Player SDK

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WalkMe Player SDK


A WalkMe Application runs in its own iframe but consumes the services exposed in its container by the Player.
A WalkMe Application developer may use this @walkme/sdk module to establish transparently the link with the Player, and to invoke its services.
SDK Wiring


Add this dependency to your WalkMe Application:
~sh npm i @walkme/sdk ~

Production Code

~js import walkme from '@walkme/sdk'; ~ You must first initialize the SDK library:
~js await walkme.init(); ~
and then you can use the services. The walkme object implements the ISdk interface.


Because the WalkMe Application acts as a client for the Player SDK services, the SDK client library requires many external parts to run, among others the actual Runtime of the SDK, owned and operated by the Player context.
For testing purposes, you may instead use the Testkit provided by the library:
~js import { testkitFactory } from '@walkme/sdk/dist/testkit';
const testkit = testkitFactory();

SDK Testkit

The Testkit offers a builder pattern for you to prepare various initial conditions for your test:
~js const {sdk} = testkit.withStorageItem( ... )
.withArticle( ... )
and then you can use the sdk object normally:
~js await sdk.init();
// example: const myContent = await sdk.content.getContent();
please note that this capabilities are still WIP, we'll keep on improving them over time


code.js ~js import walkme from '@walkme/sdk' export const init = walkme.init export const getContent = (options = {}) => walkme.content.getContent(options) ~
code.test.js ~js import {init, getContent} from './code' import {testkitFactory} from '@walkme/sdk/dist/testkit' describe('demo test', () => { it('should get content from sdk', async () => {
const {sdk} = testkitFactory().build()
await init()

jest.spyOn(sdk.content, 'getContent')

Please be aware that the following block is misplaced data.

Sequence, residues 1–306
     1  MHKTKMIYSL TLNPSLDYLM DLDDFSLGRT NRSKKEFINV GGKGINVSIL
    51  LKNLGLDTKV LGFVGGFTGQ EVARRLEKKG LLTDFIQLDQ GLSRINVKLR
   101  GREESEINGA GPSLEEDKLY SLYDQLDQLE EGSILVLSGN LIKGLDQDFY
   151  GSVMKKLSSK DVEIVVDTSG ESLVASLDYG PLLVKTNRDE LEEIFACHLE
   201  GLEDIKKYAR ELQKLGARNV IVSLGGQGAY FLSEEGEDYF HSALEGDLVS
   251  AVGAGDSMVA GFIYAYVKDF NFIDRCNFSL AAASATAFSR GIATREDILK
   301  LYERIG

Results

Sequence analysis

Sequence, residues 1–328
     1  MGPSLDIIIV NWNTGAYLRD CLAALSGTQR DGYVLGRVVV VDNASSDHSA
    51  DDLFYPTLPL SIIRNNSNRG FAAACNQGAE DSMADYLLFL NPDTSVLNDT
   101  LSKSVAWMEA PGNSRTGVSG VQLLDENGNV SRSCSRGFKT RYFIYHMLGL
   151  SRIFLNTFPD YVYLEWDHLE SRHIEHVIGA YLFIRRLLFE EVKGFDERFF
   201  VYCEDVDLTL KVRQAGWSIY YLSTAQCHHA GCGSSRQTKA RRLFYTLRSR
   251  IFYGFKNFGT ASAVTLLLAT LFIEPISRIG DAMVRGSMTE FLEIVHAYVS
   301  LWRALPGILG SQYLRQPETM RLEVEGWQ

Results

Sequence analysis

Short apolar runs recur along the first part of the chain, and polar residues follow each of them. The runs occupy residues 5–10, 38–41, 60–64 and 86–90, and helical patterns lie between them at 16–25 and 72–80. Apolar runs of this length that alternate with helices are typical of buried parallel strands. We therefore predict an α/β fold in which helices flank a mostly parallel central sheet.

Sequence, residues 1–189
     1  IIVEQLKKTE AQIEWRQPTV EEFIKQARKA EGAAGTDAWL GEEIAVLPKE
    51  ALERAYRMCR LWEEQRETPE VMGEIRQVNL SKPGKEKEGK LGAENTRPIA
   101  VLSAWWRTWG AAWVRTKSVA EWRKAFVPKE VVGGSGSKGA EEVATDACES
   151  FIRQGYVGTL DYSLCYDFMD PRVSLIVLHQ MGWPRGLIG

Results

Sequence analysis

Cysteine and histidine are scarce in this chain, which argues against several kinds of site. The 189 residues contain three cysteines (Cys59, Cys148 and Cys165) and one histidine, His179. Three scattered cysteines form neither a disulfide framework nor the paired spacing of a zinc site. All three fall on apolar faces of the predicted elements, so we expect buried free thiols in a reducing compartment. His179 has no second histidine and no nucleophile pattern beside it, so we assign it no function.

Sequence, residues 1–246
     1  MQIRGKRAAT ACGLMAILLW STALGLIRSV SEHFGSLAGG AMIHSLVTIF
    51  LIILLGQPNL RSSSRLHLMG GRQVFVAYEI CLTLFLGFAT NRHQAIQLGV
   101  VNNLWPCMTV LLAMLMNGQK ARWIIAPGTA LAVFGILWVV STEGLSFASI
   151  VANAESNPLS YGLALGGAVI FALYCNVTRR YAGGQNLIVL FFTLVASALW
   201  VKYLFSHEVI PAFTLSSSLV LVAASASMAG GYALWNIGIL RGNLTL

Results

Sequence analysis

await getContent({segmentation: true})

expect(sdk.content.getContent).toHaveBeenCalledWith({segmentation: true})
}) })

Init Modes

There exist two modes for loading and initializing the SDK proxy:


This is how a WalkMe App will initialize the SDK: ~js import walkme from '@walkme/sdk'; await walkme.init({mode: 'common'});
// or simply omitted: // await walkme.init();
This mode is used in order to obtain a reference to the SDK runtime, when it is owned by the parent frame, which is typically the case for an App.


In this mode, it is assumed that the application is executing in the same context as the Website. This is typically the case if the Customer's Website needs to use directly the services of the platform, exposed by the SDK.
:warning: You must create a particular callback function named walkme_ready on the window object, in which you can execute init:
~js import walkme from '@walkme/sdk';
window.walkmeready = async () => { await walkme.init({ mode: 'iframe' }); }; ~
window.walkme_ready = async (sdk) => {
    await sdk.init();
    const key = 'some key';
    const val = 'some key';

    await sdk.storage.setItem(key, val, 600);
    const res = await sdk.storage.getItem(key);
    console.log(res === val); // will print true

Supported data types

The RPC allows for using Functions, and serializable data (i.e. JSON stringify).
You cannot invoke a method via the SDK RPC, whose arguments are deeper objects with methods, or class instances (in particular: no Set, or DOM Elements etc.). Additionally, the depth of compound structures is limited to 150.


When the rpc throws this error message: not serializable, it means that the number of iterations executed for serializing the object properties, has exceeded the maximum acceptable number - which is: MAXITERATIONS. This can happen for two main reasons: 1) The object contains more than MAXITERATIONS keys overall (including nested keys of course). 2)
- The object has a getter function which returns the execution call of a function. 
- This function returns an object.
- Iterating over this object's properties, can trace us back to the original getter function. 
- The result is an infinite loop of interations.


~js const unresonable = () => ({
get a() {
  return unresonable();
get b() {
  return unresonable();
~ This object that the unreasonable function gives us, without any limitation, can cause the rpc to iterate over its keys forever (or until he gets a StackOverflowError error). ~js unresonable().a.b.b.a.b.a.b.a.a.a.a.a.a.b.b.b // And on and on... ~